Medtronic PLC keeps buying, and on Monday it announced the acquisition of technology to prevent sponges, gauze and towels from being left inside patients after surgery.
The Dublin-based company said it would spend $235 million for RF Surgical Systems Inc., a California firm with a proprietary detection system that uses a low radio frequency (RF) signal to track the three surgical supplies.
Medtronic, which has its operational headquarters in Fridley, did not disclose any additional terms for the deal, which is scheduled to close in August.
Medtronic has announced four other deals this year since its $49.9 billion acquisition of hospital supplier Covidien in January.
"Improving patient safety and outcomes is our daily focus, which directly aligns with the RF Surgical technology, a simple and cost-effective solution to avoidable complications in surgical procedures," said Chris Barry, a Medtronic senior vice president, in a statement.
Patient safety concerns have been growing in hospitals for more than a decade. The threat from retained objects in the state is documented each year in a report by the Minnesota Department of Health.
Between 2008 and 2011, there were at least 15 cases per year of retained sponges reported by hospitals, according to the report, although annual tallies dropped to fewer than five in the past two years following more prevention efforts.
Retained objects can lead to harmful complications, so hospital staff typically count items like sponges at the end of surgeries to make sure none have been left inside patients. The high-tech sponges, gauze and towels sold by RF Surgical Systems are meant to be used as an adjunct to manual counting.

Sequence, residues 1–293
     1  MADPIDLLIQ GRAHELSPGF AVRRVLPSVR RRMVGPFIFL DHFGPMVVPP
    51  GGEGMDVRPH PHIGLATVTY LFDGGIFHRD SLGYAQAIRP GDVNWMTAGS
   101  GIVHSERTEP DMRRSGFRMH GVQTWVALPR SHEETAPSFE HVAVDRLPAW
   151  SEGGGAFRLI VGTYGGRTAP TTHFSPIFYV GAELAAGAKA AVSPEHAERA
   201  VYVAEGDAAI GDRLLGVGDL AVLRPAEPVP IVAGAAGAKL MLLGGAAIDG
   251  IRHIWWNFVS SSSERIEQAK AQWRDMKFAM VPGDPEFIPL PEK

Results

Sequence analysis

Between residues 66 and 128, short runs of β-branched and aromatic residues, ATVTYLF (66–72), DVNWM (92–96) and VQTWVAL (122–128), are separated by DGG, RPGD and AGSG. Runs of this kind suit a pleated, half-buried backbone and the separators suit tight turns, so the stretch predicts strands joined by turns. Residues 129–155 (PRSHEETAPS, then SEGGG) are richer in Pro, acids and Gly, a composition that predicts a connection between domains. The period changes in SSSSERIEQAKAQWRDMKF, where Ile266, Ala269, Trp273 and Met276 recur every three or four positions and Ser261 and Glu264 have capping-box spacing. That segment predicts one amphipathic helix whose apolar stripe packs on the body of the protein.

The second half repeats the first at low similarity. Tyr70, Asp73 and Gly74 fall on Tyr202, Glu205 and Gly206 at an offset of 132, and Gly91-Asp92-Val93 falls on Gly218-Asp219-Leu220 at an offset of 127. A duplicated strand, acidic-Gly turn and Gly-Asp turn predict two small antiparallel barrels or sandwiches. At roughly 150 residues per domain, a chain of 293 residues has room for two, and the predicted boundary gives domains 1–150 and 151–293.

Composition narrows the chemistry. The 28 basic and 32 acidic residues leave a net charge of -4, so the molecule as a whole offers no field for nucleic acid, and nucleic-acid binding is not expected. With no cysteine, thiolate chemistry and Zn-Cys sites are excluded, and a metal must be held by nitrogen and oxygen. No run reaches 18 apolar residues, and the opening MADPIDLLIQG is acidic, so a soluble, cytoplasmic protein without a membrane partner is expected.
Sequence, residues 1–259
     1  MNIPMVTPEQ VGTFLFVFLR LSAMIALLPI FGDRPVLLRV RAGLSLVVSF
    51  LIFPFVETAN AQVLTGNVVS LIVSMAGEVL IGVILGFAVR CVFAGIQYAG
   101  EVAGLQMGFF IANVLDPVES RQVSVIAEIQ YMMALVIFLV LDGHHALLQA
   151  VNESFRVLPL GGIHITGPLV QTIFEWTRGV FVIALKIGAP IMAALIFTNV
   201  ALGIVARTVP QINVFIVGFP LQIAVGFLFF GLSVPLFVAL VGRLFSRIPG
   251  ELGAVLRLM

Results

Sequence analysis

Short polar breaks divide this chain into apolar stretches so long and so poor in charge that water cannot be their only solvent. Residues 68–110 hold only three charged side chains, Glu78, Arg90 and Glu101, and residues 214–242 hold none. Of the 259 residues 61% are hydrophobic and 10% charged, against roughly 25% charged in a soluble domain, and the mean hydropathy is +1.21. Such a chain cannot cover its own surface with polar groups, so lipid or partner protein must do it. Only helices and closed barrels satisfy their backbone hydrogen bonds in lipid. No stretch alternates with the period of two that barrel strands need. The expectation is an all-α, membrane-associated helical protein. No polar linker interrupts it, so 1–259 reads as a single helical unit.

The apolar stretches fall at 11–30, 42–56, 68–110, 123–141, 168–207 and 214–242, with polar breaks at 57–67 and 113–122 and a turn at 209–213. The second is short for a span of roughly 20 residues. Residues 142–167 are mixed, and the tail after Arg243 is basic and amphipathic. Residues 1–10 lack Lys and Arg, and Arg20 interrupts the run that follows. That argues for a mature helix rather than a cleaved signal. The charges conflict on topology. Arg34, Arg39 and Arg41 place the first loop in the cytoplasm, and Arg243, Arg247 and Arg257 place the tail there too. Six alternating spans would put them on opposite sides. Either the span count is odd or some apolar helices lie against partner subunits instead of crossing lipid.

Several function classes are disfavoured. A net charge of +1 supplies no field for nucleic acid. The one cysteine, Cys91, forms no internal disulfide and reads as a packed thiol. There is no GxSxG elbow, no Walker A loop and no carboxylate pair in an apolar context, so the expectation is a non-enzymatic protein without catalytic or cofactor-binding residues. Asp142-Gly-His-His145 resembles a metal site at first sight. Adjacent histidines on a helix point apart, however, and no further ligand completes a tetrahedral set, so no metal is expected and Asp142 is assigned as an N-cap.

They arrive embedded with RF tags that can be detected through blood, dense tissue and bone. Caregivers can use the system as a double-check to see whether a sponge, gauze or towel has been left in the patient.
The system is being used in more than 4,500 operating room, trauma and labor and delivery suites nationwide, said John Barnhill, vice president for marketing at RF Surgical Systems.
The business will be part of the surgical solutions division within Medtronic's minimally invasive technologies group, which includes most of the products acquired from Covidien. The annualized earnings impact for the acquisition is not expected to be material. Medtronic shares gained 80 cents Monday, closing at $75.17.
RF Surgical Systems employs about 60 people. Medtronic employs about 9,300 people in Minnesota.